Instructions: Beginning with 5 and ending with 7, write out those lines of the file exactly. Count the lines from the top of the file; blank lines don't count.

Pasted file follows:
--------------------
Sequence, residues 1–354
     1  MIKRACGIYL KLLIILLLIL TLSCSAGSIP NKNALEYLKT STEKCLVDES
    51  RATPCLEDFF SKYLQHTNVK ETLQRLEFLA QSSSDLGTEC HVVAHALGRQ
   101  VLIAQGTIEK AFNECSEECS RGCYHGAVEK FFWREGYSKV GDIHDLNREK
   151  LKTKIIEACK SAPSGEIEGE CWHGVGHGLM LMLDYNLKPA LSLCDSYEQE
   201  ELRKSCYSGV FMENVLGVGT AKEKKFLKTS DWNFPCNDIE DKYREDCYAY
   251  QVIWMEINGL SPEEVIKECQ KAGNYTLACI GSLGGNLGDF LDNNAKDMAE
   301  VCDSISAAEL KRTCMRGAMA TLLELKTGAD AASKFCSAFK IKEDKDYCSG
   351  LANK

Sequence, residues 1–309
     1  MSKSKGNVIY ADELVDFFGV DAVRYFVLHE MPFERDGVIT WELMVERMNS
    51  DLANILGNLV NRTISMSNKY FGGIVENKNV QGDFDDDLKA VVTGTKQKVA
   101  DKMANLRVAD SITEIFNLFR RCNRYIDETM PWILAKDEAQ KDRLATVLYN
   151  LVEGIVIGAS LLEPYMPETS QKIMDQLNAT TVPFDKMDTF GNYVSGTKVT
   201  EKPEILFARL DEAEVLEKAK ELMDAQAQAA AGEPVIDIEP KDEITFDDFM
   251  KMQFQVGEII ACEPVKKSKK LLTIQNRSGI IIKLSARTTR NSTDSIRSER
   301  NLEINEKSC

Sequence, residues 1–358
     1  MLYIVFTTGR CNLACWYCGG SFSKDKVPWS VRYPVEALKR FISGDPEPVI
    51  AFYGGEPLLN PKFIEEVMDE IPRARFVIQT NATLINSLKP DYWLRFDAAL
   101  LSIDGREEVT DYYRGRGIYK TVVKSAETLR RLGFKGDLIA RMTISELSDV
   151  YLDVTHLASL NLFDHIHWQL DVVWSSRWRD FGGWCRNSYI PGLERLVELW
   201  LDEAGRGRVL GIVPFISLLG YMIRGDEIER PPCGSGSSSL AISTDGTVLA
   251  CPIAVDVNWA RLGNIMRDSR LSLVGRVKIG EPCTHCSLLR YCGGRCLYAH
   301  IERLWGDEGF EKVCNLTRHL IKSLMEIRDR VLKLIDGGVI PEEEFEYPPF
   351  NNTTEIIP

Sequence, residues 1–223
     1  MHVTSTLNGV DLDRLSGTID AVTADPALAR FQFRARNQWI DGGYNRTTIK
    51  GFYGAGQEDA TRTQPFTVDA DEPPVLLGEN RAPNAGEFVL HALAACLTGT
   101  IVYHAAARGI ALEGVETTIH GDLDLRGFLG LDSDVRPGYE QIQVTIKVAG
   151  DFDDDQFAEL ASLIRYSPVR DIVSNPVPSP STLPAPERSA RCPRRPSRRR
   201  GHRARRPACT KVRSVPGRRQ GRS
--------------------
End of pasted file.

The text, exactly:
   151  LKTKIIEACK SAPSGEIEGE CWHGVGHGLM LMLDYNLKPA LSLCDSYEQE
   201  ELRKSCYSGV FMENVLGVGT AKEKKFLKTS DWNFPCNDIE DKYREDCYAY
   251  QVIWMEINGL SPEEVIKECQ KAGNYTLACI GSLGGNLGDF LDNNAKDMAE